This is the Time of Year to Think About Your Year-End Giving. Here are Some Things to Consider to Create an Impact Within Your Community.

People at a meeting table
Joe Carter meeting with the Payne family.

2020 has been a trying year, but with the holiday season nearly upon us, giving back becomes front-of-mind for many, and in this unprecedented year, that support is needed more than ever.

A few things we have for you to remember – First visit with those organizations you wish to support to better understand the impact your gift will make if you decide to make a year-end gift. Second, meet with your financial advisor to better understand what assets would make the best gifts and what tax benefits have changed in 2020. For cash gifts in 2020 you can receive a charitable deduction up to 100% of your adjusted gross income. Appreciated stocks, bonds, mutual funds, property and even cash gifts have the potential for greater charitable deductions in 2020.

In addition, individuals age 70.5 and older with a traditional IRA have historically had the opportunity to roll their required minimum distribution directly to a charity without reporting it as income. For 2020, the age was raised to 72 with no mandatory distribution requirement. However, you can still take advantage of the rollover at age 70.5 for charitable gifts.

At the Oklahoma City Community Foundation, our expert staff and many charitable tools can help you make a charitable impact. With 365 charitable organization endowment funds, hundreds of scholarships and the ability to create a donor advised fund or legacy gift, we are prepared to help you make a difference in the community. In addition, GiveSmartOKC.org, our online date hub, donors can discover more than 300 central Oklahoma charities, their programs and how they benefit the community to make informed decisions.

By working with the donor services team at the Oklahoma City Community Foundation, you can be sure you can make decisions about the local nonprofit organizations you wish to support and what your impact will have on the community.

If you would like more information on how you can make a greater impact in your community through year-end gifts, call Joe Carter at 405-235-5603, or visit OCCF.org today.

What is the SECURE Act and How Will it Affect Your Retirement- Here are Some Important Things You Will Need to Know About this 2020 Legislation and an Opportunity.

The Ellis Family

Setting Every Community Up for Retirement Enhancement Act, also known as the SECURE Act will make it easier for many to save for retirement. In addition, it will make retirement plans more accessible to more people. As of January 1, 2020, most changes based on this new law went into effect.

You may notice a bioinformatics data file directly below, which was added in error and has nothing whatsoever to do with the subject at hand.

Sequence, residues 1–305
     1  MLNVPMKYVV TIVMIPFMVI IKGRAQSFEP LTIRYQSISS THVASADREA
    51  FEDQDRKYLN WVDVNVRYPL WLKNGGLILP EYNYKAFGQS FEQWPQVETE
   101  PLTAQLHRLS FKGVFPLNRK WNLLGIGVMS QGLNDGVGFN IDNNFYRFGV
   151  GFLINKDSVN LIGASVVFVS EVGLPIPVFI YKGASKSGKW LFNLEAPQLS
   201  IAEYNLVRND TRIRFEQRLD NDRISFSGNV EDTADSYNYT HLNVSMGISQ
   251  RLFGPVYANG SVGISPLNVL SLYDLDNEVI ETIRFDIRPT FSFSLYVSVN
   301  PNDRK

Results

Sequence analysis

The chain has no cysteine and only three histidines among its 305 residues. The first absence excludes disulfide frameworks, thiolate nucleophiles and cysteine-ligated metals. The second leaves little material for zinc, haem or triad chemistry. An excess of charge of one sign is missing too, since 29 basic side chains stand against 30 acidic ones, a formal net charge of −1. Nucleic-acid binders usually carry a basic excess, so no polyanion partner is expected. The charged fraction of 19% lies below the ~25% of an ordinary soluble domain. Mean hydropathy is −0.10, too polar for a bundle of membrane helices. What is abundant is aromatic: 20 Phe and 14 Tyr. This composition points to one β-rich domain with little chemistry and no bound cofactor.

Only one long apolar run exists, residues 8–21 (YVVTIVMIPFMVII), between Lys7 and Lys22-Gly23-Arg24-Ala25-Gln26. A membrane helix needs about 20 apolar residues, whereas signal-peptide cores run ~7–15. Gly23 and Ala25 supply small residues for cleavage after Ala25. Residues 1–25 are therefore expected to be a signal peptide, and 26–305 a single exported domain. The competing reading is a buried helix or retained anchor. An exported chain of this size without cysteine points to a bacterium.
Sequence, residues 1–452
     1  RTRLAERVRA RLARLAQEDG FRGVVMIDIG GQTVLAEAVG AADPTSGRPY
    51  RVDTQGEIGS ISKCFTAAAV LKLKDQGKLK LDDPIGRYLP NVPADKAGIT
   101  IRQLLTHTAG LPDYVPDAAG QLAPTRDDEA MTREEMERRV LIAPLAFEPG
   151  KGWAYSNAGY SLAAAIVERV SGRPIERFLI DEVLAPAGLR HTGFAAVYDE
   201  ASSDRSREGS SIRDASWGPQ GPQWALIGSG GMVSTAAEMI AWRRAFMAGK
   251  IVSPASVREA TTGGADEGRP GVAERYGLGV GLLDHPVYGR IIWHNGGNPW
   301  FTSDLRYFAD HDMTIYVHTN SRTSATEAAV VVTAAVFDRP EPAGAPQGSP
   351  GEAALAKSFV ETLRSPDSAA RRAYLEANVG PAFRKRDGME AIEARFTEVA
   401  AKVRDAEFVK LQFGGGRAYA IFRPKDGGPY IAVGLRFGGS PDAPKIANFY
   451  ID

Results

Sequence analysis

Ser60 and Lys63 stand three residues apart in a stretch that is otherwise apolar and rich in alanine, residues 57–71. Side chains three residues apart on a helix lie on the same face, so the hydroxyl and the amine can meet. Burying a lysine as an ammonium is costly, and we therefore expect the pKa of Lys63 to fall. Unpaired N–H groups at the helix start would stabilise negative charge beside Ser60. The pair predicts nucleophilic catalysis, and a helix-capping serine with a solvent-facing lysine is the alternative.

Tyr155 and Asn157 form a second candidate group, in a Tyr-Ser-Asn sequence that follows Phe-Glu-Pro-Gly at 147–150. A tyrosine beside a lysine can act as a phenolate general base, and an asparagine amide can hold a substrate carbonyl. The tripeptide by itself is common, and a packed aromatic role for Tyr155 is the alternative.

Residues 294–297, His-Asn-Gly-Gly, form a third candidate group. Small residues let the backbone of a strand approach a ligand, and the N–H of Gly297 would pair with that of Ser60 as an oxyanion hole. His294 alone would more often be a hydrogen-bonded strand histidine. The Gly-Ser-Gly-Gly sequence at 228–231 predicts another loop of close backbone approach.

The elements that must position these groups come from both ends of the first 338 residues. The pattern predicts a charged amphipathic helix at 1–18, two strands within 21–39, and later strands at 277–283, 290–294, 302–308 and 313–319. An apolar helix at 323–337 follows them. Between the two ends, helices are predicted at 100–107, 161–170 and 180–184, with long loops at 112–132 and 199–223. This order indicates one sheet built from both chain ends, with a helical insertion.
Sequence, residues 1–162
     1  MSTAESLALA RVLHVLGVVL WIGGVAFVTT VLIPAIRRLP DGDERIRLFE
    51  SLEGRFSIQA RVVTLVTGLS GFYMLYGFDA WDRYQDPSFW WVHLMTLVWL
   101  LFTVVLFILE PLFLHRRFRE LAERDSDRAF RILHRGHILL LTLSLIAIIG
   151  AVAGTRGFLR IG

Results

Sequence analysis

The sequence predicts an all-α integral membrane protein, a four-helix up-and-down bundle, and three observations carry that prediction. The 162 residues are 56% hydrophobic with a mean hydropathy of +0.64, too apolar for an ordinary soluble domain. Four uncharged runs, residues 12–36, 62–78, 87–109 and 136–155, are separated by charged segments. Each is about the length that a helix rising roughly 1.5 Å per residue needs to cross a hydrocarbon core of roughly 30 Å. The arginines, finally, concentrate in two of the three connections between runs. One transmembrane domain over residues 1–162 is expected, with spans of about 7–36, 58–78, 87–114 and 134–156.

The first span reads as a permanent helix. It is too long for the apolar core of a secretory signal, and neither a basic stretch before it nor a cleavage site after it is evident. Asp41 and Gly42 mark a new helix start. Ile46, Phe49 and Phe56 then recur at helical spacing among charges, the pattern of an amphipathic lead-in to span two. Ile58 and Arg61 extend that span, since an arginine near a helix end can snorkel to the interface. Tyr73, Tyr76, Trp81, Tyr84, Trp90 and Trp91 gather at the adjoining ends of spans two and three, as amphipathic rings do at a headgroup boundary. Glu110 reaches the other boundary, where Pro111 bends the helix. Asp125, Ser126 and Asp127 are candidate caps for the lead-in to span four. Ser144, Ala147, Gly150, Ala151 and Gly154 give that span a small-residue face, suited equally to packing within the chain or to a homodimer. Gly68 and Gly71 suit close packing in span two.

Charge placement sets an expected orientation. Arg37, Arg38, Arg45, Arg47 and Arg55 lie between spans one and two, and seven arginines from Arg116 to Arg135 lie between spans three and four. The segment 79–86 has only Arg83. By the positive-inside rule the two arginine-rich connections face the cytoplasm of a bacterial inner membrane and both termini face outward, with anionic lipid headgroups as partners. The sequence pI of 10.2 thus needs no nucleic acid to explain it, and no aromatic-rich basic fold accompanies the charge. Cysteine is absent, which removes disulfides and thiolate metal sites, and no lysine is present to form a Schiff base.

The SECURE Act pushes back the age at which traditional IRA plan participants need to take required minimum distributions from 70.5 to 72. Prior to the law being passed, non-spousal IRA beneficiaries could choose to stretch their distributions (and taxes) throughout the life expectancy with a few exceptions. Now under the SECURE Act, beneficiaries will be forced to withdraw assets within 10 years after the death of the IRA account holder, receiving larger amounts distributed over a shorter period and potentially their tax liability in that time period.

Even though the SECURE Act closed the door on the stretch IRA strategy, it opened the door for those that like the benefits of the stretch strategy and would like to support charity with a gift from their will or trust. Rather than force your heirs to take full distribution over a ten- year period, you can instead use a Charitable Remainder Unitrust (CRUIT) to provide for your family and charity. The way it works – the IRA is transferred at the death of the surviving spouse to establish a CRUT. Since the Unitrust is tax exempt, no income tax is paid when the IRA is distributed to the trust. The full IRA balance is invested and grows with time as did the IRA. A minimum of 5% or maximum 50% taxable distribution of the trust is paid to children for life OR for a term of years not to exceed 20. At the end of the trust, the remaining balance is distributed to the charity of the original IRA owner’s designation.

To summarize, this strategy grants owners of an IRA several options as it relates to the principle and distribution. 1. How long the proceeds can be spread out and 2. The interest rate the trust will pay. This will allow you to benefit both your heirs and charity(s) in a tax efficient way.

If you would like more information on how you can meet your charitable goals, call Joe Carter at 405-235-5603 or visit OCCF.org.